Chaplin, Ethel Barrymore Theatre, New York

Chaplin, a new Broadway musical, has pratfalls and tightrope walking and pies in the face. It also has the biggest comedy cliché of all: the tears of a clown. Has there ever been a book or play or movie about a great comedian that didn’t dwell on the deprived childhood that sent the adult performer into spasms of sadness?

In this unfolding of the archetype we have Charlie Chaplin: born in 1889, to a drunken father and a mentally ill mother who was forced to cast him aside. That abandonment echoes forlornly through this two-act evening, with music and lyrics by Christopher Curtis, and book by Curtis and Thomas Meehan.

As Chaplin, Rob McClure has a fetching period charm. With his dark, buttoned-on eyes and nimble movement, McClure shows us Chaplin’s transformation from desperate London music-hall performer to giant of Hollywood talkies, and the presto-changeo invention of the little tramp.

As hard-working as McClure is, however, there is only so much he can do to fill in the by-numbers biographical framework the show imposes. Without much plot to compel our interest, Chaplin unfolds as a series of This Is Your Life scenes. Charlie meets his first, deceitful wife, Mildred Harris; forms his own production company; indulges his taste for fruit vert, an appetite that culminates in his final marriage to the 18-year-old Oona O’Neill, appealingly played by Erin Mackey.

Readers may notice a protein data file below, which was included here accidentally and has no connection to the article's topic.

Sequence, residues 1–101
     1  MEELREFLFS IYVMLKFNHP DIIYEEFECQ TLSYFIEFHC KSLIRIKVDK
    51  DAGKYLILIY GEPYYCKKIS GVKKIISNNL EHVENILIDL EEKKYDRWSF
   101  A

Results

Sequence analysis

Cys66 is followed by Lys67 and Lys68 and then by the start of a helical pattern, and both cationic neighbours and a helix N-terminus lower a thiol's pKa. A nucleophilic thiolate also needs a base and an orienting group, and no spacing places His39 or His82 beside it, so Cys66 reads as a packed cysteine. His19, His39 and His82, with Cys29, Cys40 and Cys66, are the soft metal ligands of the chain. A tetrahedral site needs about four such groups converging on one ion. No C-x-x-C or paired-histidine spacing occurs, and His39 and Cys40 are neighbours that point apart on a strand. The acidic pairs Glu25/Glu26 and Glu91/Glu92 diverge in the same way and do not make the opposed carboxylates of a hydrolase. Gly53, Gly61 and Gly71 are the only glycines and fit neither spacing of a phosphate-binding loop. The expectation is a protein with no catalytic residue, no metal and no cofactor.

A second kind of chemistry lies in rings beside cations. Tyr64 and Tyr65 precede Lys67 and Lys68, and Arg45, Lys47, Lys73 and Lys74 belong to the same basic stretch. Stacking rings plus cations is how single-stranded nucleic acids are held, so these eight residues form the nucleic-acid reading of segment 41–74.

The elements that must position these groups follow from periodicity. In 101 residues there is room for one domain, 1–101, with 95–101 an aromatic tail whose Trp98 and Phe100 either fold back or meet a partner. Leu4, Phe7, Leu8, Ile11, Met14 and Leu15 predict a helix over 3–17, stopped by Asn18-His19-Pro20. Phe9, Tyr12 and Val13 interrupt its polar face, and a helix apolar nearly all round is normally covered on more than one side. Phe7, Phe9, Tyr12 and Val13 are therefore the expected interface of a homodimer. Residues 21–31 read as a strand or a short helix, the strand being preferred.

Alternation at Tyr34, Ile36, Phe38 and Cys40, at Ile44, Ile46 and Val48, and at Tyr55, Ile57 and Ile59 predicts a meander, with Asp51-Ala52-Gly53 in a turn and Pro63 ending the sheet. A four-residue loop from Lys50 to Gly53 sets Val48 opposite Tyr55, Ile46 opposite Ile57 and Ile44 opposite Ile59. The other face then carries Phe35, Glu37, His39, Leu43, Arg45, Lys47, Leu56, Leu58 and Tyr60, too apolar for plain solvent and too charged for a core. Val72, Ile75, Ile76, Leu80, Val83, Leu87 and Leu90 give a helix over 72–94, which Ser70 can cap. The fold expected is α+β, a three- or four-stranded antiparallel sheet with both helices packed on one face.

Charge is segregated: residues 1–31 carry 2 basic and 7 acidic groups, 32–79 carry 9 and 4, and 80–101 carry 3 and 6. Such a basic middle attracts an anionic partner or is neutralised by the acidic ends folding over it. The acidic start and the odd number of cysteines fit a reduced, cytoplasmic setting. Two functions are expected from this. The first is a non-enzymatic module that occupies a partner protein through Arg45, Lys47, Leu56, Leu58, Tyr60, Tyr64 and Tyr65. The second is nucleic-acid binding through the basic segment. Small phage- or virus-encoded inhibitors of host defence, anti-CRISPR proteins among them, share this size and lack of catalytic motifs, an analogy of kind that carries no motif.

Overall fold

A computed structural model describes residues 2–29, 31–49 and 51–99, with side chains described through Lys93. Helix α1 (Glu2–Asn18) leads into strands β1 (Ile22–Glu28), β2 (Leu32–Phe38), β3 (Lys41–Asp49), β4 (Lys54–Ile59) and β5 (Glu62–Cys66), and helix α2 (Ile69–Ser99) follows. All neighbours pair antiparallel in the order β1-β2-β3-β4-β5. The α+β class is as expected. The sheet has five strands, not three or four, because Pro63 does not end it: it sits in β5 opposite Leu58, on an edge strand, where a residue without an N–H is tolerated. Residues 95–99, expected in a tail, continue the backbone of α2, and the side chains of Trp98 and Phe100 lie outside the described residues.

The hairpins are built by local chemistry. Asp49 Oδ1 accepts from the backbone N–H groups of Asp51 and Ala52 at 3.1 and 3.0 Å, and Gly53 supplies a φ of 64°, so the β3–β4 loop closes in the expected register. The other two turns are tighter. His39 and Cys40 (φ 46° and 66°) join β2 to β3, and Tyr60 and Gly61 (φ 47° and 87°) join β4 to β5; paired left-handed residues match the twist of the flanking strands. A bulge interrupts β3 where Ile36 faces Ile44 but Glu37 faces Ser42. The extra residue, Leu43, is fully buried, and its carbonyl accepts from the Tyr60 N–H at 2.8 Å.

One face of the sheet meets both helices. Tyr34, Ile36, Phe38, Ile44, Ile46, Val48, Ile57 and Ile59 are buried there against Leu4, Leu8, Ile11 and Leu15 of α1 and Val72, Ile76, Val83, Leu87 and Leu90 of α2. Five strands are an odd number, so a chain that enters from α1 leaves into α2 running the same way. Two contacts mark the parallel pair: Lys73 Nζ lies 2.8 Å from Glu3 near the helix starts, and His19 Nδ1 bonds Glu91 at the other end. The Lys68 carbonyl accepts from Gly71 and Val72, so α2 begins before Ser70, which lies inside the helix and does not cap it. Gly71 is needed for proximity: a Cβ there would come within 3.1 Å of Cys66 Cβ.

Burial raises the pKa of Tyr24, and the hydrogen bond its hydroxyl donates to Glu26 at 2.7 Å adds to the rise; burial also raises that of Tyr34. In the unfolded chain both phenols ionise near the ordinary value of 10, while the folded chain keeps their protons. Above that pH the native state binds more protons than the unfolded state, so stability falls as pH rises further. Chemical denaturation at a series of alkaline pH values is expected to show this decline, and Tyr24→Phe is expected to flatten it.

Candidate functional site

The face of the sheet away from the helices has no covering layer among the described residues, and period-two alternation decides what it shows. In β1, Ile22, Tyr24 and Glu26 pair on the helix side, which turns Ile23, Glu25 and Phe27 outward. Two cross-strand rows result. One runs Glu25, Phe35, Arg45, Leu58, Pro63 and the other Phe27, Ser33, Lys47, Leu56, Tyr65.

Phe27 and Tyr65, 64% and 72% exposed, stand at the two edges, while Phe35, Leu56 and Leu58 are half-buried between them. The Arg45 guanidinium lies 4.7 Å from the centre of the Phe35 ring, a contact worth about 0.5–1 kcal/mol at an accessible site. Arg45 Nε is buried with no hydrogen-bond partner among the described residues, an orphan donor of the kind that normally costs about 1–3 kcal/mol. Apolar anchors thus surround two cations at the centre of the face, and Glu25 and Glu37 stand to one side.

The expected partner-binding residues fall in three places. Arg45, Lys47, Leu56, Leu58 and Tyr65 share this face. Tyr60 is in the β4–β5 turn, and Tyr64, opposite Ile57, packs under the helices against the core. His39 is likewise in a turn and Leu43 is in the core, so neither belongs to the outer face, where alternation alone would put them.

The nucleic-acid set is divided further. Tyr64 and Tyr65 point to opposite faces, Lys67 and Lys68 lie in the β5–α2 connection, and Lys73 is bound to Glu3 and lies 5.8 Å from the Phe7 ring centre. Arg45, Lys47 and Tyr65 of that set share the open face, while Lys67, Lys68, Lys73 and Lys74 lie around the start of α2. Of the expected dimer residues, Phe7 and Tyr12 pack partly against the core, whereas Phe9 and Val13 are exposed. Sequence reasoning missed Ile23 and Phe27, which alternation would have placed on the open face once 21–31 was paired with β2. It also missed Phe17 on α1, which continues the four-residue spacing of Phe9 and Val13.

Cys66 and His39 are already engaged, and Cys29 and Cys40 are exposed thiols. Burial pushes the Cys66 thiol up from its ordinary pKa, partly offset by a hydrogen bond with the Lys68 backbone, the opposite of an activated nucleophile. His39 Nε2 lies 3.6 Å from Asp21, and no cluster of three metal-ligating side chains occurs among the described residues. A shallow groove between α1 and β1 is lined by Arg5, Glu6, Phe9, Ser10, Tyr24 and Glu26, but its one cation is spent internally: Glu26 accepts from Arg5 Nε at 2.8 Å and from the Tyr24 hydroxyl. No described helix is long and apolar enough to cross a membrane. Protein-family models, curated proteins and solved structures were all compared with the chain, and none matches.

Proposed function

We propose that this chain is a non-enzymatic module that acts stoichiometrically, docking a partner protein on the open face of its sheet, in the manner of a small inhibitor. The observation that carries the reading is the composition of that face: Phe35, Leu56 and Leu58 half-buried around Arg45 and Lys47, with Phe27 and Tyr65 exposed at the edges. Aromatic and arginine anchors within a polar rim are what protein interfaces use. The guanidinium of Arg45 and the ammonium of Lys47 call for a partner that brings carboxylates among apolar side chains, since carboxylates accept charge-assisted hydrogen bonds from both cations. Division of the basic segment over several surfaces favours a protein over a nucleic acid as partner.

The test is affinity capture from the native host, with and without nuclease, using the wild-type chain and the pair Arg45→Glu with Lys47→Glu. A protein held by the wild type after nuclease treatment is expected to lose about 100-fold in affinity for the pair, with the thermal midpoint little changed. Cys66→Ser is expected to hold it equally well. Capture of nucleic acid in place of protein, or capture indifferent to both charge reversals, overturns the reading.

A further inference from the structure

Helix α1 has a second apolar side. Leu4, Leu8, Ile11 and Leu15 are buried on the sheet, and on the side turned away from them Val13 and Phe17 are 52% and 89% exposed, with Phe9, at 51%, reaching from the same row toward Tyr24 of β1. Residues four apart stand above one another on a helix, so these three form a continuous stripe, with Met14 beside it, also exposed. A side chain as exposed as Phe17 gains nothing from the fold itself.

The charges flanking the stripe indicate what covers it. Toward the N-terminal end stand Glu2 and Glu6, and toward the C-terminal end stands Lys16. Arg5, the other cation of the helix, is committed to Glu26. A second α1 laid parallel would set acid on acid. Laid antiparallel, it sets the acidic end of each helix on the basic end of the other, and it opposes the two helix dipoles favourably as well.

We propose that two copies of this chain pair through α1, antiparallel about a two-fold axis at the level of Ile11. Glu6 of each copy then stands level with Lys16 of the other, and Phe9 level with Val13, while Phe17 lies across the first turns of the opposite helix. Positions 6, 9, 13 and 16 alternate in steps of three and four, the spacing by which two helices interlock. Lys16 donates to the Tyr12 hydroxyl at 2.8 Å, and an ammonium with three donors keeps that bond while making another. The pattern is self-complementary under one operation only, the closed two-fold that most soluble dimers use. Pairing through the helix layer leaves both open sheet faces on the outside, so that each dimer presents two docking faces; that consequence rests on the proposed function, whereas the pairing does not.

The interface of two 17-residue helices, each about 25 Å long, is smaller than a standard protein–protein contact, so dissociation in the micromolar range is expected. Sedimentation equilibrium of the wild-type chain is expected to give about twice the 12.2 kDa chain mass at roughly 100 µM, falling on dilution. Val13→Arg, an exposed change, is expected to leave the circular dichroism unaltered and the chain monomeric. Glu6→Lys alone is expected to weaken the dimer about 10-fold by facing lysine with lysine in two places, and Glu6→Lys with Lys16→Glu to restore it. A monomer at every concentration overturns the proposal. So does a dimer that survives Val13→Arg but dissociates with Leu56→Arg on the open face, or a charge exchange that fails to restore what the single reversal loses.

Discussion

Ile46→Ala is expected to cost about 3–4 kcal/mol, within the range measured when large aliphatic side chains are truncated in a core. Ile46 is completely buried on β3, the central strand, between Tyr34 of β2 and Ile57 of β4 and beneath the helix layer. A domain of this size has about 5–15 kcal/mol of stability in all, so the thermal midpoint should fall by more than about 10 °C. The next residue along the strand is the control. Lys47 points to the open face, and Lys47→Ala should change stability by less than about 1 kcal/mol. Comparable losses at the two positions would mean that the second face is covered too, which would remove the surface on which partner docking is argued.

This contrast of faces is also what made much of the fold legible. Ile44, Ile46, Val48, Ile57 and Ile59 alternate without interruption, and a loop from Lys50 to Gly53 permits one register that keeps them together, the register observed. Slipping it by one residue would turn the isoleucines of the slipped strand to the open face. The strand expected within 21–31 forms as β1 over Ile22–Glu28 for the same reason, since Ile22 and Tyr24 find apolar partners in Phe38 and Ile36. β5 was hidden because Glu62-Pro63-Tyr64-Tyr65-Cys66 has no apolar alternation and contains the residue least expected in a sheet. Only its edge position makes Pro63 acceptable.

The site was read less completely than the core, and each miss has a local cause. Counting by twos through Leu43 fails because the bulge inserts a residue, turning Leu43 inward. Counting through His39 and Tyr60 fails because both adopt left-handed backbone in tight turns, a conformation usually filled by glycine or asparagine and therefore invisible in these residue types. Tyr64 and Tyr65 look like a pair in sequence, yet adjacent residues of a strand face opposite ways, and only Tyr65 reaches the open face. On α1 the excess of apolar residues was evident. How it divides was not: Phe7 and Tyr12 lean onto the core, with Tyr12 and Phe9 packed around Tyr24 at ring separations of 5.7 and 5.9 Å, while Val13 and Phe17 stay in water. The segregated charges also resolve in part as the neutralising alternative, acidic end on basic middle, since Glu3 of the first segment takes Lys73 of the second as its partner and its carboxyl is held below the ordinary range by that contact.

By the time we reach the time of his exile to Switzerland during the McCarthy witch hunts of the 1950s, the musical’s framework has jettisoned much sense of development and settled into the depiction of Charlie’s happy times with Oona. They had eight children, the last born when Chaplin was 73.

In terms of songs, Chaplin is stronger in its first half than in its second. Music-hall melodies waft through the theatre agreeably and oompah waltzes inject the evening with a steady pulse. Exiting the theatre, however, I felt all the long-ago sonic charms whisked away by the first sound of hip-pop pouring out of a passing taxi.

What remains indelible is the visual imprint of the production, directed with verve by Warren Carlyle. Beowulf Boritt’s sets and Amy Clark and Martin Pakledinaz’s costumes give black-and-white sophistication a good name, while Ken Billington’s precise lighting bathes the other designers’ handiwork in shimmering tones.

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